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Mathematical Justification of Hard Negative Mining via Isometric Approximation Theorem

by   Albert Xu, et al.

In deep metric learning, the Triplet Loss has emerged as a popular method to learn many computer vision and natural language processing tasks such as facial recognition, object detection, and visual-semantic embeddings. One issue that plagues the Triplet Loss is network collapse, an undesirable phenomenon where the network projects the embeddings of all data onto a single point. Researchers predominately solve this problem by using triplet mining strategies. While hard negative mining is the most effective of these strategies, existing formulations lack strong theoretical justification for their empirical success. In this paper, we utilize the mathematical theory of isometric approximation to show an equivalence between the Triplet Loss sampled by hard negative mining and an optimization problem that minimizes a Hausdorff-like distance between the neural network and its ideal counterpart function. This provides the theoretical justifications for hard negative mining's empirical efficacy. In addition, our novel application of the isometric approximation theorem provides the groundwork for future forms of hard negative mining that avoid network collapse. Our theory can also be extended to analyze other Euclidean space-based metric learning methods like Ladder Loss or Contrastive Learning.


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Research in deep metric learning studies techniques for training deep neural networks to learn similarities and dissimilarities between data samples, typically by learning a distance metric via feature embeddings in . Most extensively, deep metric learning is used in face recognition Schroff et al. (2015); Liu et al. (2017); Hermans et al. (2017) and other computer vision tasks Tack et al. (2020); Chen et al. (2020a) where there are an abundance of label values.

Common deep metric learning techniques include contrastive loss Hadsell et al. (2006) and triplet loss Schroff et al. (2015). Moreover, each of these methods have variants to address specific applications. SimCLR Chen et al. (2020a, b)

, for example, is a recent contrastive loss variant designed to address unsupervised deep metric learning with state-of-the-art performance on ImageNet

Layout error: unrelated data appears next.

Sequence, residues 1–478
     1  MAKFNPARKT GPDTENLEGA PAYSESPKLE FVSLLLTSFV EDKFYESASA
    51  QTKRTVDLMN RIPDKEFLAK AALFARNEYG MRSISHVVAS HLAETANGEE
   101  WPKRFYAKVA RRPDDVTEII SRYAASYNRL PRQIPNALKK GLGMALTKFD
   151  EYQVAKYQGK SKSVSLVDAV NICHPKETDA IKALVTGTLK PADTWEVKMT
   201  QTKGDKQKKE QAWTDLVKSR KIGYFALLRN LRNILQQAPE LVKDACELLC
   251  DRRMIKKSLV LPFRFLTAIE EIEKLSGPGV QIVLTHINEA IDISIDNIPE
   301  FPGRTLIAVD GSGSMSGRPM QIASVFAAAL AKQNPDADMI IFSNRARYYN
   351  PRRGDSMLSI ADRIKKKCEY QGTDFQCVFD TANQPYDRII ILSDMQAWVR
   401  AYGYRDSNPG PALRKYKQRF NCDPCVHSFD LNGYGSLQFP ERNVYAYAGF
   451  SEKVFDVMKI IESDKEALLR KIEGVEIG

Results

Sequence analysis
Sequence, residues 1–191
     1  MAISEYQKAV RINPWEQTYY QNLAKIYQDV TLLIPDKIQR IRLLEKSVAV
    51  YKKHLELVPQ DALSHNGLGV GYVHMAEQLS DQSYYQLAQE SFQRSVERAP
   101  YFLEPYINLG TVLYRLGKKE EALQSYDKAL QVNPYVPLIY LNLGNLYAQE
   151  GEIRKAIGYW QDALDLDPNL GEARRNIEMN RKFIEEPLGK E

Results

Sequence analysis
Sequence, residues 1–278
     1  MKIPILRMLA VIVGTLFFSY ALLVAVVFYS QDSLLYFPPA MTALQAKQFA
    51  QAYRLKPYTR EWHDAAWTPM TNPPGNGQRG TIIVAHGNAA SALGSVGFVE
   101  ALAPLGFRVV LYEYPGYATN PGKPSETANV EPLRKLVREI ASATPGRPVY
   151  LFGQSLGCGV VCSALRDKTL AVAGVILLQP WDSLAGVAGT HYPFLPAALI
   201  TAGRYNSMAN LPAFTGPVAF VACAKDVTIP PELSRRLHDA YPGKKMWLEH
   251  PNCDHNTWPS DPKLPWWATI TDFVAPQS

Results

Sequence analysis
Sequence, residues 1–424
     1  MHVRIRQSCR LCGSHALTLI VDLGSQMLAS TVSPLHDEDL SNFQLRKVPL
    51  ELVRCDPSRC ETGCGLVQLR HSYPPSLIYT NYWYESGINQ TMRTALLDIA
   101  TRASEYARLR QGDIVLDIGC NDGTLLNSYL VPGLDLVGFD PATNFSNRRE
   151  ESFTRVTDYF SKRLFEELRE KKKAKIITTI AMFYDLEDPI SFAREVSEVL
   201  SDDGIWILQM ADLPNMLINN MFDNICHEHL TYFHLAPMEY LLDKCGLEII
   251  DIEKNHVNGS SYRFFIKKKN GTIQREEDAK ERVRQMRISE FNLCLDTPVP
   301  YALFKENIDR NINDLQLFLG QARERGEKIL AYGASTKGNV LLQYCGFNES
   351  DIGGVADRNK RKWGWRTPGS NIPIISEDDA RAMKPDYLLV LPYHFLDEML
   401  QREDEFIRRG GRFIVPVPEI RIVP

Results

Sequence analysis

Russakovsky et al. (2015). Ladder Loss Zhou et al. (2019), a generalized variant of triplet loss, improved upon existing methods for coherent visual-semantic embedding and has important applications in multiple visual and language understanding tasks Karpathy et al. (2014); Ma et al. (2015); Vinyals et al. (2014). Given the success of metric learning in a wide range of applications, we see value in investigating its underlying theories. In this paper, we present a theoretical framework which explains observed but previously unexplained behaviors of the Triplet Loss.

Literature Review

We choose to analyze Triplet Loss’s underlying theory due to its strong dependence on the triplet selection strategy. This makes the Triplet Loss fickle to work with, as empirical results had shown that randomly sampling these triplets yielded unsatisfactory results. On the other hand, successful triplet selection strategies like hard negative mining can face issues like network collapse, a phenomenon where the network projects all data points onto a single point Schroff et al. (2015), while more stable triplet selection strategies do not perform as well in practice Hermans et al. (2017).

In the original FaceNet paper, Schroff et al. find that with large batch sizes (thousands), hard negative mining lead to collapsed solutions. To address this, they instead used a strategy they called semi-hard mining Schroff et al. (2015). On the other hand, Herman et al. find that with smaller batch sizes (), the hardest mining strategy significantly out-performs other mining strategies, and does not suffer from collapsed solutions Hermans et al. (2017). These seemingly contradictory results showcase the need for a theoretical framework to explain the theory of hard negative mining and the root cause of collapsed solutions.